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Posts tagged "greenland"

Via The Guardian


The Earth’s Seasonal “Heartbeat” as Seen from Space

Note, this doesn’t show sea ice in the Arctic…


The Earth’s Seasonal “Heartbeat” as Seen from Space

Note, this doesn’t show sea ice in the Arctic…

The Danish Meteorological Institute is reporting that on Tuesday, July 30, the mercury rose to 25.9 C (78.6 F) at a station in Greenland, the highest temperature measured in the Arctic country since records began in 1958

Scoresby Sound, Greenland. Longest fjord in the world. Note the glacial outfall to the right. Click to embiggen.

Note that sea level rise is uneven, and effects coastlines with high degrees of variability. Some coast will experience more rise and erosion, some less.

Via ABC.AU h/t Marcacci Comm.

A primer on ocean acidification. What it is. How it works. And its impacts on the ocean. From the Arctic Monitoring and Assessment Programme.

AMAP is one of five Working Groups of the Arctic Council.

The primary function of AMAP is to advise the governments of the eight Arctic countries (Canada, Denmark/Greenland, Finland, Iceland, Norway, Russia, Sweden and the United States) on matters relating to threats to the Arctic region from pollution, and associated issues.


If you are wandering around Greenland’s ice sheet and you run into this crazy thing, it is NASA’s GROVER (government acronym for something Goddard Remotely Operated Vehicle for Exploration and Research). It is solar powered and it crawls around Greenland on its own and uses ground-penetrating radar to look at ice. And it’s cool. 

NASA robot explores ice in Greenland. Video. Will explore for months at a time via remote. Possibly prototype to explore other planets.


Earth from Space: Water and ice

Earth from Space is presented by Kelsea Brennan-Wessels from the ESA Web-TV virtual studios. The largest outlet glacier on Greenland’s east coast is pictured in the forty-eighth edition. Via ESA.

Discusses satellites monitoring shrinking glaciers and rising oceans.

(via scientiflix)

Cruise over glaciers in Greenland. Researchers use aerial footage for data collection and monitoring.

Few of us ever get to see Greenland’s glaciers from 500 meters above the ice. But in this video — recorded on April 9,2013 in southeast Greenland using a cockpit camera installed and operated by the National Suborbital Education and Research Center, or NSERC — we see what Operation IceBridge’s pilots see as they fly NASA’s P-3B airborne laboratory low over the Arctic.

Following a glacier’s sometimes winding flow line gives IceBridge researchers a perspective on the ice not possible from satellites which pass in straight lines overhead. By gathering such data, IceBridge is helping to build a continuous record of change in the polar regions.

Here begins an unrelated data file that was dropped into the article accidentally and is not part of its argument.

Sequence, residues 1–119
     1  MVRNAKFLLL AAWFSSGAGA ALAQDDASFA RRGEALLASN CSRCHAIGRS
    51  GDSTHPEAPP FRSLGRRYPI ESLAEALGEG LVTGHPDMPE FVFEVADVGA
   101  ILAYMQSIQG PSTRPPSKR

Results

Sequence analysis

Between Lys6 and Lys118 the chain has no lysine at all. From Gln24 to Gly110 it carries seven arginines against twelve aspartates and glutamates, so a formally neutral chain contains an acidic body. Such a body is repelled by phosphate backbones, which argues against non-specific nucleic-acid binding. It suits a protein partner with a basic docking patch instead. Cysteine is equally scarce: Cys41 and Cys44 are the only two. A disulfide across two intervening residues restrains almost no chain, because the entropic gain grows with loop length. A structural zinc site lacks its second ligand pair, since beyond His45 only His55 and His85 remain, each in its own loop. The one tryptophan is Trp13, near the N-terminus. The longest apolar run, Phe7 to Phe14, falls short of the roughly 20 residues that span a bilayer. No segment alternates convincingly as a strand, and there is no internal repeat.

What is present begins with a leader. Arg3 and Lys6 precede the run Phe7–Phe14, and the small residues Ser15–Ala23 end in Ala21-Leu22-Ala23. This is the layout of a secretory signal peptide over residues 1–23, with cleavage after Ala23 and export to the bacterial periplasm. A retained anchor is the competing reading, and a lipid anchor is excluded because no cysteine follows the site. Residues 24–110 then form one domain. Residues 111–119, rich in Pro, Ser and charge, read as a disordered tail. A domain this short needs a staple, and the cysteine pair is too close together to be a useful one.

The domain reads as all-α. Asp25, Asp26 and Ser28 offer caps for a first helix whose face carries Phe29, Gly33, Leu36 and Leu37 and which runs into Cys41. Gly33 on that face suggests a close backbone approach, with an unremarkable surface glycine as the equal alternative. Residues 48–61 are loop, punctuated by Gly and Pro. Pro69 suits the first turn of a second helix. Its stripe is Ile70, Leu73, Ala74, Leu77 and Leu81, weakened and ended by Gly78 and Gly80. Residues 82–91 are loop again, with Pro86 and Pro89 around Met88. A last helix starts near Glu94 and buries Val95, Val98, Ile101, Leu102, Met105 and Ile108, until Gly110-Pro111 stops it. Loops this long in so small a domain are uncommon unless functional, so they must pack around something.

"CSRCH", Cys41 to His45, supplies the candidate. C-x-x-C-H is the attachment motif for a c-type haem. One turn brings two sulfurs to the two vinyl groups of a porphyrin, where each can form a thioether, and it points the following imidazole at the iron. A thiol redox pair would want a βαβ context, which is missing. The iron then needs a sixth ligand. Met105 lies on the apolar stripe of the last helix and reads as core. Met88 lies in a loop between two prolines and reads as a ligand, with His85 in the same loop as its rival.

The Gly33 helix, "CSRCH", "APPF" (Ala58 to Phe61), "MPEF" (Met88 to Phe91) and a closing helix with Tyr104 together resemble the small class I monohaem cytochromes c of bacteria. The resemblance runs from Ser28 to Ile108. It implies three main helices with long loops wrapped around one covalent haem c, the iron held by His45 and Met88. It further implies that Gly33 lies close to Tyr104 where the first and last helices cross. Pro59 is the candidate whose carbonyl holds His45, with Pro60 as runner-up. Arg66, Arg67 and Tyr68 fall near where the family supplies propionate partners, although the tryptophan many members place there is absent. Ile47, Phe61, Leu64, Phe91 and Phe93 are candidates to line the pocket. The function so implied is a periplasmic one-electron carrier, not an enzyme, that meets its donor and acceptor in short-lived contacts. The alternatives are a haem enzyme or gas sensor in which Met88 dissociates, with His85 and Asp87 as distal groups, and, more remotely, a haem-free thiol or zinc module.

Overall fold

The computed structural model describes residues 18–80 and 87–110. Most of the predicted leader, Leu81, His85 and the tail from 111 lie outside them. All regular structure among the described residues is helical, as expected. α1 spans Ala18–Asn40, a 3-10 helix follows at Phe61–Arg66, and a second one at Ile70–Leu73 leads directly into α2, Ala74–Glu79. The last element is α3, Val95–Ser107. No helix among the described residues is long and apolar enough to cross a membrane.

Via NASA’s Flickr stream


This video is a collage of scenes of the Ilulissat ice fjord and the Greenland ice cap. Some of the images are stunning. Ice bergs. Sled dogs. A helicopter departing, the snow it disrupts and the people it leaves behind to sleep in a tent.

As part of the show tomorrow, Dave Davies talks with New York Times environmental reporter Justin Gillis about climate change and they talk a bit about Greenland so if you hear the interview tomorrow, you can now say that you know something of what that place called Greenland looks like.

A thousand shades of white

The Dark Snow Project is about 50% funded. Scientists believe that increased droughts are causing more wildfires. These fires emit soot and ash into the air, called ‘black carbon.’ This black carbon circulates through the atmosphere and is deposited (in part) on glaciers and sea ice.

Scientists are finding that the black carbon absorbs heat from the sun, in turn causing the ice to melt faster than expected. The effect of melting ice is faster sea level rise, which will impact (in the least) coastal cities around the world.

The unique part of this project is that it is mostly funded by citizens like you. Really good project and highly recommend visiting their website,


Dark Snow Project: Climate Change and Citizen Science in Greenland

For the dark snow project to succeed, your help is needed.

Please visit and consider a tax deductible donation to this unique citizen science initiative, and helping expand the boundaries of knowledge in this critical area of climate science

by Peter Sinclair.

(via scientiflix)

I’m so surprised by the depth of research and overall usefulness of the How Stuff Works website. This post on the North Pole covers how to prepare for an Arctic Expedition. It included this nice nugget:

From the 15th through the 20th century, the Doctrine of Discovery was recognized by European and American explorers as the go-to guideline for ownership of territory. The doctrine uses a basic “first-come, first-served” rule — a region belongs to whatever country got there first. Remember how the United States “won” the race to the moon in 1969 by planting a flag on the lunar surface?

Today, the United Nations has taken control of the issue. According to the U.N. Convention on the Laws of the Sea, claims to the North Pole are based on a country’s continental shelf (undersea extensions of land).

In 2007, Russian mini-submarines — on a mission to explore natural gas and oil deposits under the North Pole — planted Russian flags below the Arctic ice. The Canadians were not pleased, mostly because they claim that the North Pole is theirs. So do Denmark (via Greenland), Norway and the United States.

Via How Things Work (really great read)

Melting glaciers as art. Lovely project that documents the beauty of Greenland’s destruction.

Probably the 10th time posting “Chasing Ice,” but man James Balog’s work is just so important.


For the small number of people who have not yet seen the trailer. Wow. Wow. Wow..